best practice

don’t work with wankers

“Don’t work with wankers” has been my mantra since first becoming a freelancer back in the mid-nineties (when I ran a Theatre prop making business called “Bodgit & Scarper”). It sounds flippant, but I mean it entirely seriously.

It’s really hard to say no to work when you’re a freelancer; you just never know when the next contract might come your way. It’s one of the reasons many people are too nervous to even take that first freelance step. All freelancing works on a similar model; you work with one client, and invariably (if you’re any good) they’ll recommend you to their networks. But there are a LOT of sharks out there – people who don’t care about you or your values but just want to strip whatever they deem useful from you and toss you aside when they’re done. Wankers. So if you work with, or for, one of them and then they refer you to their networks, the chances are you’ll end up working with wanker networks all the time, simply because you’re too scared to risk turning any of them down.

Seriously, save yourself the grief: trust your instincts: say no to the first one, cut it off at the chase. That way your time and energy will be free to make contact with those who are NOT wankers!

how do you determine who is or isn’t a wanker?

It can be hard to trust your instincts, especially when first starting out. I’ve always had a great wanker-radar (I can spot them at a thousand paces, which makes it far easier to just not engage with them in the first place). But not everyone has this confidence – especially women, who are more accustomed to pleasing others than themselves and often see the best in everyone, even when they are not, um, the best people. Not everyone is a wanker, most people are genuinely wonderful. So here are a few tips to help you sift the wheat from the chaff.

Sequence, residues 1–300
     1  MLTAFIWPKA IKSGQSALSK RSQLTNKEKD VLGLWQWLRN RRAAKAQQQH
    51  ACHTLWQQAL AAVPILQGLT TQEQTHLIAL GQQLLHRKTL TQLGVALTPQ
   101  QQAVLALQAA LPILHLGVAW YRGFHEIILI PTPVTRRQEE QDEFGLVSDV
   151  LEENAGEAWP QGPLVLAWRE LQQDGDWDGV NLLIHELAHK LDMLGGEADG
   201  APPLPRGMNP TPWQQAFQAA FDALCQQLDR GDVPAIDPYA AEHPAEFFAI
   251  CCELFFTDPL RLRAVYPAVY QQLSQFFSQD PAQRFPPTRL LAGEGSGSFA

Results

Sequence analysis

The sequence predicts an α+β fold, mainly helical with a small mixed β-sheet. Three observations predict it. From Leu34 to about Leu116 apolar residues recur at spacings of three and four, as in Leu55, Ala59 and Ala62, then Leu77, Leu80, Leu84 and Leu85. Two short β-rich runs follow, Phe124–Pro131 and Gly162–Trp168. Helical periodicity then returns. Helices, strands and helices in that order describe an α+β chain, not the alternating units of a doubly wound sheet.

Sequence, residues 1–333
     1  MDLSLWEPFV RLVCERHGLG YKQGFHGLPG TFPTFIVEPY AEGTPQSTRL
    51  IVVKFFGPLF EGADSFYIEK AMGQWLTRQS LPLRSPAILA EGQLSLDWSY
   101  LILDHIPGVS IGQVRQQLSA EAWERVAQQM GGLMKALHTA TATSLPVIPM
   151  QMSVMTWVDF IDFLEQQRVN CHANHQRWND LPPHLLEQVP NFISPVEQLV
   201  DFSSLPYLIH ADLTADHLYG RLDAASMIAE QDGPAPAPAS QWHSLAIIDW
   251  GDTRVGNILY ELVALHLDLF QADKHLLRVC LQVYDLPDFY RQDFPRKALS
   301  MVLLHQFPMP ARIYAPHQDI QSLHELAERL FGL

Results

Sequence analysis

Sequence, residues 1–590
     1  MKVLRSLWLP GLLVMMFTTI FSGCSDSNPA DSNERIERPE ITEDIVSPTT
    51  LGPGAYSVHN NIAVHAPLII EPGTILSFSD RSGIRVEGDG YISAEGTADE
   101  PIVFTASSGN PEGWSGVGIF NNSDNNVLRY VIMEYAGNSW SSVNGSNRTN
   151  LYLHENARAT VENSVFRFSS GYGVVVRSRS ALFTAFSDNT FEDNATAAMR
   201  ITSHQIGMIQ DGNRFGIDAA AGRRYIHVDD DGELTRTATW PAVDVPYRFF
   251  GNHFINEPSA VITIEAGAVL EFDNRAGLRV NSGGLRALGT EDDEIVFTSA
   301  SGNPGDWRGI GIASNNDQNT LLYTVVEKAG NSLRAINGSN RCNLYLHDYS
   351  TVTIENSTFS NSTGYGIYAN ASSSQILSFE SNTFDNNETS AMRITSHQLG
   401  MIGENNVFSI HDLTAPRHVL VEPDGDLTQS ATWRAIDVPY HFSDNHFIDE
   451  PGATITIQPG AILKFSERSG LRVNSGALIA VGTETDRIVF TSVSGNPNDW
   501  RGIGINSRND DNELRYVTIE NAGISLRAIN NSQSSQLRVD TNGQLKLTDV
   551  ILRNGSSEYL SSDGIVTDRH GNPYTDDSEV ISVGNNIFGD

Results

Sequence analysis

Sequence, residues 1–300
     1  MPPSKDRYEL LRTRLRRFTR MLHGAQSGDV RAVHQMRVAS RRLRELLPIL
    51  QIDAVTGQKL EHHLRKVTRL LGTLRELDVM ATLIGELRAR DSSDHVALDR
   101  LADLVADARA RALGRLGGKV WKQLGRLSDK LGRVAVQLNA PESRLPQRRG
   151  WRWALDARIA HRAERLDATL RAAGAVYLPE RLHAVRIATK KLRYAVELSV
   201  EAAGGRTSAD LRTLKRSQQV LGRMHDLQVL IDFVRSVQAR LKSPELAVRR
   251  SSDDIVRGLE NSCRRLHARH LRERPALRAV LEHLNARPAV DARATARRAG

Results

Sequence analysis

1. Think long and hard about who you are, what you believe in, who you want to become, who you’d most like to work with, and what you would like to get out of it (you’re not their servant, after all). Then use that as a template when you meet potential clients (be that at a networking event or more formal meetings). Envisage the world you want to exist in, and you’re far more likely to then help create it, and to spot the like-minds you really do need to be working with.
  2. Having done that, when you meet these potential clients, however you found each other, ask them about who they are and what their values are. Ask them who they work with, and why. Ask them what benefits they feel they are bringing to society in the work that they do. Never forget that at those kinds of meetings – as with all interviews for any regular employment – you are interviewing them as much as they are interviewing you. Ignore what monetary promises they make (wankers are, unsurprisingly, rubbish at paying you on time or the sum they agreed). And ignore the little voice of fear that tells you you’ll never meet any good people, or that good people can’t afford you. We all have ways of making good things happen, and the more you do them the stronger they become. Trust yourself.
  3. If you’re only ever at networking events where you meet people who set off your wanker radar (even if only a little bit): stop going to those events. If you seem to only ever be introduced to potential clients/partners/funders/investors who only want to take from you and not give back in any meaningful way: end your relationships with them. Find other networks – there are plenty out there, I promise you.

This whole process is about owning your own beliefs and taking the time to find your own tribes. It feels like a risk but trust me, it works. You’ll free up valuable time, you’ll clear the path for better partnerships, and you will also find that you earn more consistent money and are happier in your work.

As always, feel free to tell me how this works out for you and share your own #bestpractice tips with me, either in the comments or any other form of contact.

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